Paul Strand - Famous American photographer, (1890-1976), whose work before circa 1920 is heralded as establishing photography as an art form--bringing expression to the medium as opposed to simply recording images. Later he made films and did a considerable amount of nature photography. The original family name was Stransky, which his father, a German immigrant, changed.
One of the best photographers of the 20thC. Ulman was born in 1882 to a wealthy New York German Jewish family. For most of her career she was known for her individual portraits. In the 1920s she began photographing the people and land of Appalachia and this work is reproduced in many collections. Ulman died in 1934.
Siskind was a Jewish American abstract expressionist photographer. In his biography he wrote that he began his foray into photography when he received a camera for a wedding gift and began taking pictures on his honeymoon. He quickly realized the artistic potential this offered. He worked in both New York City and Chicago.
Eisenstaedt was a Jewish German-American photographer and photojournalist. He is renowned for his candid photographs, frequently made using various models of a 35mm Leica rangefinder camera. He is best known for his photograph capturing the celebration of V-J Day.
Stieglitz was a Jewish American photographer and modern art promoter who was instrumental over his fifty-year career in making photography an accepted art form. In addition to his photography, Stieglitz is known for the New York art galleries that he ran in the early part of the 20th century, where he introduced many avant-garde European artists to the U.S.
Kertész was a Jewish Hungarian-born photographer known for his groundbreaking contributions to photographic composition and the photo essay. In the early years of his career, his then-unorthodox camera angles and style prevented his work from gaining wider recognition. Kertész never felt that he had gained the worldwide recognition he deserved. Today he is considered one of the seminal figures of photojournalism.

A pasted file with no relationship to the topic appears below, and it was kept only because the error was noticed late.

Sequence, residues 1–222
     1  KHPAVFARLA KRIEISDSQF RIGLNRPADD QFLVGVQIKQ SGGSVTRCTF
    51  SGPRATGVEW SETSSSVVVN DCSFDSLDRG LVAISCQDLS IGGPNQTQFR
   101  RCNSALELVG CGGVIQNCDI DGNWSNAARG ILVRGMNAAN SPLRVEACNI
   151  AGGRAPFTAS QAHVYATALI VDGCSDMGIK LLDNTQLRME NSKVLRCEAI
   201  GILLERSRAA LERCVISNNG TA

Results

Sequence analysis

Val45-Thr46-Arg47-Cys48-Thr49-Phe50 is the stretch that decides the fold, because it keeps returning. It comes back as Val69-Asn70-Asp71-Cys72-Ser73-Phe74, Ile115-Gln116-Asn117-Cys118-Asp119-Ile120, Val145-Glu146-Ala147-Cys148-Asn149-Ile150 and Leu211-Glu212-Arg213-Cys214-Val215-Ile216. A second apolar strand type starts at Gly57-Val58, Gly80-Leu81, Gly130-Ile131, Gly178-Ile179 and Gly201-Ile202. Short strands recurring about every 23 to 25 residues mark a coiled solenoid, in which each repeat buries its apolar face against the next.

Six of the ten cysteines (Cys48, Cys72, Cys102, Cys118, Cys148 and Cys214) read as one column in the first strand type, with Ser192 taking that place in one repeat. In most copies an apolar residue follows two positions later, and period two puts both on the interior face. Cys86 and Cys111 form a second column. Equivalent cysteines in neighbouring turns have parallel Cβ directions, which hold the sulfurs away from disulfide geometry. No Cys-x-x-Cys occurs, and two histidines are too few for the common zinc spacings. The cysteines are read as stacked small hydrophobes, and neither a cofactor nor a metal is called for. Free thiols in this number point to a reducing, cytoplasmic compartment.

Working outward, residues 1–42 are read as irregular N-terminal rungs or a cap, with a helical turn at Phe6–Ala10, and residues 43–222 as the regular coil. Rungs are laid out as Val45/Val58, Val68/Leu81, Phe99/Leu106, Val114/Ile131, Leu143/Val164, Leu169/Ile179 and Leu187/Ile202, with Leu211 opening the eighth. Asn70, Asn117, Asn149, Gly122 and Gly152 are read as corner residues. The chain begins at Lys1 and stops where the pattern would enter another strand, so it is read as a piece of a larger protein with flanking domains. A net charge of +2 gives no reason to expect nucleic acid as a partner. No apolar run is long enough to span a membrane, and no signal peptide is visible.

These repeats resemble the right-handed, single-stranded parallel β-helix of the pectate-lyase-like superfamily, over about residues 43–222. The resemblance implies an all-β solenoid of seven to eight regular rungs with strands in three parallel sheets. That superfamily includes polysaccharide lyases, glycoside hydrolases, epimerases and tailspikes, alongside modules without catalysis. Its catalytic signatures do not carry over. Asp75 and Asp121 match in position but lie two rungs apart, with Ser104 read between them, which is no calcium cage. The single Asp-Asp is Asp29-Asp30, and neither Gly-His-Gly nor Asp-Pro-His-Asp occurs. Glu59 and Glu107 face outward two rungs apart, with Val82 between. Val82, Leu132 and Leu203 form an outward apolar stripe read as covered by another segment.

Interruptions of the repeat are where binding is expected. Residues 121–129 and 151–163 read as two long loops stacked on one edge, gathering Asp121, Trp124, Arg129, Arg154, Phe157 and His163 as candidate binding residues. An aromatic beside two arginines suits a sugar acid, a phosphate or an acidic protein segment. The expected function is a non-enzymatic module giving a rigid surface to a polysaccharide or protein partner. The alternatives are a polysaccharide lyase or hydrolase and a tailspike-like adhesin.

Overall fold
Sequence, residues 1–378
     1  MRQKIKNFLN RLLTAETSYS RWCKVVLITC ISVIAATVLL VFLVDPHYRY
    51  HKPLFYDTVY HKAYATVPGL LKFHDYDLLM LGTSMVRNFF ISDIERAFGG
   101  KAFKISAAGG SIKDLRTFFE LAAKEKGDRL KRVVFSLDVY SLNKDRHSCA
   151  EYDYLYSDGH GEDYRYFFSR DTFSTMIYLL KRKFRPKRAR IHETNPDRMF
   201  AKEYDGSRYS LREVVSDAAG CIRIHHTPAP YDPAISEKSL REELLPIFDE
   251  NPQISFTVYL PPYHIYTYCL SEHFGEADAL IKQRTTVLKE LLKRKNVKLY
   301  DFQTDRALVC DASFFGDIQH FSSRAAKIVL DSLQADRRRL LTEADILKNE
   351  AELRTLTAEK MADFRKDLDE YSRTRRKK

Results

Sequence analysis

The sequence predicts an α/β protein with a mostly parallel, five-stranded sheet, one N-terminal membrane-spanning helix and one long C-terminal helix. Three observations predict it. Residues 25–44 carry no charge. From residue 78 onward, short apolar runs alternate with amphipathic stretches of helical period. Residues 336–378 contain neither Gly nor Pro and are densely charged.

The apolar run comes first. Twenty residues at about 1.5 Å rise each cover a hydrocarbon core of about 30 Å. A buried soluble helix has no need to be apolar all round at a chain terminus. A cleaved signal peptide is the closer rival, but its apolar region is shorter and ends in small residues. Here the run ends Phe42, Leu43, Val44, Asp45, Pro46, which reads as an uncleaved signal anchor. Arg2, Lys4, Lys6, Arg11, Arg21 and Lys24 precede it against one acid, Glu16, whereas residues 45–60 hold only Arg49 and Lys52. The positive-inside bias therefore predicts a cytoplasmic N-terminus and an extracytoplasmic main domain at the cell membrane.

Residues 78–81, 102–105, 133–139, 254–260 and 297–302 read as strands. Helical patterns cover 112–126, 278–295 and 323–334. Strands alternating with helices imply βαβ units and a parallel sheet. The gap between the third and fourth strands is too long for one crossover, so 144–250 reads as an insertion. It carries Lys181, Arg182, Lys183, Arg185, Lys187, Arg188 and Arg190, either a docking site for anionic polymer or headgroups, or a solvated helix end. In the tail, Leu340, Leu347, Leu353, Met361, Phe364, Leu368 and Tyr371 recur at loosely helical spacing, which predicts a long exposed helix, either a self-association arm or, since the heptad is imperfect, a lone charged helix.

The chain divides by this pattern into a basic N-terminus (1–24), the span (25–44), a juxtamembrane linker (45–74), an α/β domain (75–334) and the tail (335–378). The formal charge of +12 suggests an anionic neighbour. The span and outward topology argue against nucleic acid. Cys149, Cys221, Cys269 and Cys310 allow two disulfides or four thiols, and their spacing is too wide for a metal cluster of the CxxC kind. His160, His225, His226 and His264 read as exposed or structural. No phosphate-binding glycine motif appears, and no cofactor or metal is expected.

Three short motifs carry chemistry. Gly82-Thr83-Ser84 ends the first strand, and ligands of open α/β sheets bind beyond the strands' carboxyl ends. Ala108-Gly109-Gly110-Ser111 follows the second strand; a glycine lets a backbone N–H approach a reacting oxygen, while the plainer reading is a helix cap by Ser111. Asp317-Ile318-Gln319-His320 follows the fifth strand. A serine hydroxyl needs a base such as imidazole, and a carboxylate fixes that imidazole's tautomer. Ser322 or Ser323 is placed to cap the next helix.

Leibovitz is a Jewish American portrait photographer.
Weegee, pseudonym of Arthur Fellig, was a Jewish photographer and photojournalist, known for his stark black and white street photography.
Shahn was a Lithuanian-born Jewish American artist. He is best known for his works of social realism, his left-wing political views, and his series of lectures published as The Shape of Content.
Cindy Sherman is a Jewish American photographer and film director, best known for her conceptual portraits. Sherman currently lives and works in New York City. In 1995, she was the recipient of a MacArthur Fellowship. She is represented by Sprüth Magers Berlin London in Europe and Metro Pictures gallery in New York.
French avant-garde photographer who was born Lucy Schwob, in 1894. She came from a famous French intellectual family. She and her lover (she was gay) were imprisoned for trying to incite a mutiny of the German troops on the isle of Jersey, where she resided.
Chim (pronounced shim, an abbreviation of the surname Szymin) was the pseudonym of David Seymour, a Polish photographer and photojournalist. Born Dawid Szymin in Warsaw to Polish Jewish parents, he became interested in photography while studying in Paris. He began working as a freelance journalist in 1933.